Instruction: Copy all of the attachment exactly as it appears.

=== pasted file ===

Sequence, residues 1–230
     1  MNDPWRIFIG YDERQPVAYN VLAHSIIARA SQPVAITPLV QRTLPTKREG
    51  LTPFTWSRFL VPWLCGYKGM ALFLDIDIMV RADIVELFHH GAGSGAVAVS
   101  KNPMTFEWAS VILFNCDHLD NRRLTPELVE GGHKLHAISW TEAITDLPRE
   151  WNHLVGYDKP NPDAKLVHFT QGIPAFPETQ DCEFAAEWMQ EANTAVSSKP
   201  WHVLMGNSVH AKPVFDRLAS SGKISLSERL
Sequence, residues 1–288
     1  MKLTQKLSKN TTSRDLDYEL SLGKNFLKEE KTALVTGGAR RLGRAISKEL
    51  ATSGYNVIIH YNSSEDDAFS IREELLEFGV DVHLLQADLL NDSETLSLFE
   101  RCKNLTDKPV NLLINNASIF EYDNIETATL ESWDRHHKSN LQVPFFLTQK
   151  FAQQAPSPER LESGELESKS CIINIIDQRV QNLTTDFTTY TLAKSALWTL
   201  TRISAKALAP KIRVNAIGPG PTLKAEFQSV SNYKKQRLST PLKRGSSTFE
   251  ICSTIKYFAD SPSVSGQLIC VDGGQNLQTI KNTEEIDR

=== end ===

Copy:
Sequence, residues 1–230
     1  MNDPWRIFIG YDERQPVAYN VLAHSIIARA SQPVAITPLV QRTLPTKREG
    51  LTPFTWSRFL VPWLCGYKGM ALFLDIDIMV RADIVELFHH GAGSGAVAVS
   101  KNPMTFEWAS VILFNCDHLD NRRLTPELVE GGHKLHAISW TEAITDLPRE
   151  WNHLVGYDKP NPDAKLVHFT QGIPAFPETQ DCEFAAEWMQ EANTAVSSKP
   201  WHVLMGNSVH AKPVFDRLAS SGKISLSERL
Sequence, residues 1–288
     1  MKLTQKLSKN TTSRDLDYEL SLGKNFLKEE KTALVTGGAR RLGRAISKEL
    51  ATSGYNVIIH YNSSEDDAFS IREELLEFGV DVHLLQADLL NDSETLSLFE
   101  RCKNLTDKPV NLLINNASIF EYDNIETATL ESWDRHHKSN LQVPFFLTQK
   151  FAQQAPSPER LESGELESKS CIINIIDQRV QNLTTDFTTY TLAKSALWTL
   201  TRISAKALAP KIRVNAIGPG PTLKAEFQSV SNYKKQRLST PLKRGSSTFE
   251  ICSTIKYFAD SPSVSGQLIC VDGGQNLQTI KNTEEIDR